Hudson Carbon has developed a set of monitoring protocols aimed at developing a greater understanding of how carbon cycles through an agricultural ecosystem. Our monitoring methodology is based on measuring the fluctuations of carbon at each testing site, from season to season, and correlating these changes to specific agricultural practices. With this data, we can then develop a set of metrics to employ in a large-scale monitoring program, in order to allow farmers to demonstrate quantifiable ecosystem services that their managed land is providing, for which they can seek compensation in a voluntary ecosystem service market. See more about how our results are impacting Policy at a national level.
At each testing site, we gather data from sampling points laid out in a triangular grid pattern. We gather plant biomass and surface litter samples once a month during the growing season, from April to November. We take soil core samples once every spring. With a portable greenhouse gas analyzer, we are able to measure the flux of carbon dioxide, methane, and nitrous oxide, in and around the plant canopy – giving us the ability to calculate the rates of photosynthesis and respiration, as well as methane and nitrous oxide emissions.
In our lab, we air and oven dry our plant biomass and litter samples, and calculate carbon content from dry-matter weight. We have also implemented a set of soil classification testing protocols, carried out in our lab, that we perform on our soil core samples from each testing site. To determine organic matter content, we calculate bulk density and perform loss-on-ignition testing. We perform a water-stable aggregation test to measure aggregate stability. We also apply wet and dry sieving, and elutriation, to determine the sand, silt, and clay content. These tests are performed every season on each meter-deep core sample, which is divided into 5 layers. With this data, we are able to observe both the fluctuation in carbon content throughout the soil horizons, as well as fluctuations in sand, silt and clay content over time. We can also draw correlations between soil composition and rate of soil carbon build-up over time.
In order to draw correlations between our carbon cycle data and our farming practices, we keep detailed records of all agricultural tasks performed on each site. Season to season, we keep track of tillage type, depth, and frequency, cash crop and cover crop seed variety and planting rates, fertilizer and amendment application, stocking densities, grazing periods, and harvest yields. We also track fuel consumption of our equipment. We record this information using agricultural data management programs, which allow us to create detailed timelines for each field, planting, application, and yield maps, as well as to track fuel consumption of our equipment.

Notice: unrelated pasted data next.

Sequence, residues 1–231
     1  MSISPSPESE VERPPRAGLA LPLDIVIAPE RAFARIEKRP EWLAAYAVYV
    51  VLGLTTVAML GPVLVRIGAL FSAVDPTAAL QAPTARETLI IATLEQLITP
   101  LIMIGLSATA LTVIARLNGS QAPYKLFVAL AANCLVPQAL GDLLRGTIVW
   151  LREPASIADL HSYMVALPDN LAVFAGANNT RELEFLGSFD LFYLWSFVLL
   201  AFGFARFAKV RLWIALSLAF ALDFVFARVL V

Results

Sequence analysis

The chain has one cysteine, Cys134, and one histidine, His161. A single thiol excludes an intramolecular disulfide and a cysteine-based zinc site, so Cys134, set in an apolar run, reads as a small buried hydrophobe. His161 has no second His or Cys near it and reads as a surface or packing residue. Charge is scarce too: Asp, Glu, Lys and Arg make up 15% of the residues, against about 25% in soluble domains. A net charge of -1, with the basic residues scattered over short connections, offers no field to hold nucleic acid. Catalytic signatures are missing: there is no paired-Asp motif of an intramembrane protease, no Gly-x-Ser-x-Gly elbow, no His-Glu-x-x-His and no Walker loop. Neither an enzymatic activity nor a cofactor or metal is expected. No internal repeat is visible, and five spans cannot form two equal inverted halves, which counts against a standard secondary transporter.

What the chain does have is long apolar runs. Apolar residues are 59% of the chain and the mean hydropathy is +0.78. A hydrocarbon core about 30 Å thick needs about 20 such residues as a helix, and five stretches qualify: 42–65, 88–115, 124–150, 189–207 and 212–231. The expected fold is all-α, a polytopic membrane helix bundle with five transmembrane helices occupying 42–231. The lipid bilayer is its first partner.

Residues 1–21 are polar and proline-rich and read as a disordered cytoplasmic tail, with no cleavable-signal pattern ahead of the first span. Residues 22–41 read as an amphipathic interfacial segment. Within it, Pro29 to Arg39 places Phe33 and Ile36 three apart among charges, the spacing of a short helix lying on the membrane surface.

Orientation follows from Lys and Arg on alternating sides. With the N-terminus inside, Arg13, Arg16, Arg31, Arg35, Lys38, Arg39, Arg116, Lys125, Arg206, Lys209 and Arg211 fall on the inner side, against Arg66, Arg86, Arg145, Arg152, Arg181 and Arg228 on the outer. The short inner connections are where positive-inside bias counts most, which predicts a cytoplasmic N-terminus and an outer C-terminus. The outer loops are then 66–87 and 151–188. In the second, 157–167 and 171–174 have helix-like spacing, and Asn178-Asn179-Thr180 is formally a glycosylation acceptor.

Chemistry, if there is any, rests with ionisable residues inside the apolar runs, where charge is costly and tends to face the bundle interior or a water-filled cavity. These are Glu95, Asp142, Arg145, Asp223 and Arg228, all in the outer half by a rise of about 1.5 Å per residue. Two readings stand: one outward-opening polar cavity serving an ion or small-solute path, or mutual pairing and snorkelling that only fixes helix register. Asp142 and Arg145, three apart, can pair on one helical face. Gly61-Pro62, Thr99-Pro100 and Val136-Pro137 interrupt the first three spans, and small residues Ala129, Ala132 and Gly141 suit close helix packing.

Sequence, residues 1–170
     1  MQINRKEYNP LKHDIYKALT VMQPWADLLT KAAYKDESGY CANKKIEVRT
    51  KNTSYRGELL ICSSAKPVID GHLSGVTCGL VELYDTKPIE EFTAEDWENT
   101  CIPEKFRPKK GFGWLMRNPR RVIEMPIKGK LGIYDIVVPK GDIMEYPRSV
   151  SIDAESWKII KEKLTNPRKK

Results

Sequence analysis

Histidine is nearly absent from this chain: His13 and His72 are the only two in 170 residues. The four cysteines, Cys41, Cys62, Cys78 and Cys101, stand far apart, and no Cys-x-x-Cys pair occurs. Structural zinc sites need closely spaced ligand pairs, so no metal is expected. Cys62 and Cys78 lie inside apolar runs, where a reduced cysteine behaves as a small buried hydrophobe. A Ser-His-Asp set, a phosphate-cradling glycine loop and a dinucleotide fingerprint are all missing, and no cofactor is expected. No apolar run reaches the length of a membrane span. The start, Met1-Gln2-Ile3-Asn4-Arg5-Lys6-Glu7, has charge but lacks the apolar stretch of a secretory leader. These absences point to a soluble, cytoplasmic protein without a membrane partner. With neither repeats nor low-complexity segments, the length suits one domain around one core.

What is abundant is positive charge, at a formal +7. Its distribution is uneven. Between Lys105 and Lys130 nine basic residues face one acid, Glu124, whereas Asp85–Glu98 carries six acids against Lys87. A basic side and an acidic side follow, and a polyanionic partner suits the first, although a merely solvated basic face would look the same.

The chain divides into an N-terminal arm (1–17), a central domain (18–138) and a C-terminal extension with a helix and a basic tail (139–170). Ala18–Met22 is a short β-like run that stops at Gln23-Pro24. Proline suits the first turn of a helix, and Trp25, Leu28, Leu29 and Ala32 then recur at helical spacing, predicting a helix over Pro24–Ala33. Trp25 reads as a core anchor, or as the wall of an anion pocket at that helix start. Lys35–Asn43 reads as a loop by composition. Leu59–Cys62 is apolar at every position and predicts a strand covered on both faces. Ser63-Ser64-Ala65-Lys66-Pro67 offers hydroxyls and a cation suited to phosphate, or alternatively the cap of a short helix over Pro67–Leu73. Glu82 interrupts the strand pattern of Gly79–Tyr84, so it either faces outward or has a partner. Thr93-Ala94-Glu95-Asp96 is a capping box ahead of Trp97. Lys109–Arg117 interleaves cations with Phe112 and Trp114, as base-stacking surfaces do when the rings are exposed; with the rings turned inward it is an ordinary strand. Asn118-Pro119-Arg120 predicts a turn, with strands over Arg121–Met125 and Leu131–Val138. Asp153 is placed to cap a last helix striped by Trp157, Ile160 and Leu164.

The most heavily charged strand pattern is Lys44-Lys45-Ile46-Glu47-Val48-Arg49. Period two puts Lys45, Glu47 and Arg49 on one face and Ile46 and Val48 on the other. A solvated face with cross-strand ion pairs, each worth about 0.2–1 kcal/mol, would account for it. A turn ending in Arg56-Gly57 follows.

In 2018 we significantly expanded the scope of our carbon cycle data collection, in partnership with Dr. Jianwu Tang of the Woods Hole Marine Biological Laboratory. We began a three-year project using the Li-Cor Eddy Covariance method to enhance our measurements of greenhouse gas flux, as well as launching specialized cameras to measure Solar Induced Fluorescence, or SIF, in plants, a process directly influenced by photosynthesis. This project is designed to compare two separate fields: one under organic management, and one under conventional management, implementing an identical, three-year cropping rotation. A Li-Cor Eddy Covariance tower equipped with a SIF camera will be positioned at one of our existing sites at Stone House Farm, and another will be positioned at a site at the neighboring Kukon Brothers Farm, our newest research partner.
At each site, we gather a set of data points that measure both the carbon and nitrogen cycles. The Eddy Flux tower and the SIF lens, in tandem with portable greenhouse gas flux monitoring, measure the rate of photosynthesis and respiration across the entire field over the growing season. Plant biomass, litter, and soil are sampled throughout the growing season and tested for carbon content, as well as nitrogen content. Using custom lysimeters, we test leached water coming off the field for nitrate, phosphorus, and dissolved organic carbon. Our portable greenhouse gas analyzers will also measure nitrous oxide emissions to complete the picture of nitrogen loss at each site. With this data, we are able to measure the difference between an organic management system and a conventional management system in their impacts on nitrogen and carbon cycling. A third Eddy Flux tower will be positioned in a pasture under intensive grazing management at the Churchtown Dairy. This study will focus heavily on the methane cycle, as well as CO2 and nitrogen, in order to better understand the impact of intensively managed ruminants on pasture.
We are also working with the Woods Hole Marine Biological Laboratory to create an aerial monitoring program using SIF and UAV technology. We are devising a hardware mounting system and a data collection platform to attach an SIF camera to a drone to remotely measure photosynthesis over our testing sites. In combination with a RGB and Infrared imagery, we will use the aerial SIF camera to map our testing sites from the air. Using data gathered by the Eddy Flux system and supporting ground data, we can accurately create a model that will allow us to remotely monitor the carbon cycle from the air over larger tracts of land.
We're collecting a variety of data in relation to our carbon sequestration project. We are working to publish this data regularly. But we also want to share real time results so you can watch the trends we are seeing. Check out this page for our latest results.
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Hudson Carbon works to demonstrate the powerful role of regenerative agricultural practices in reviving ecosystems and mitigating the effects of climate change.
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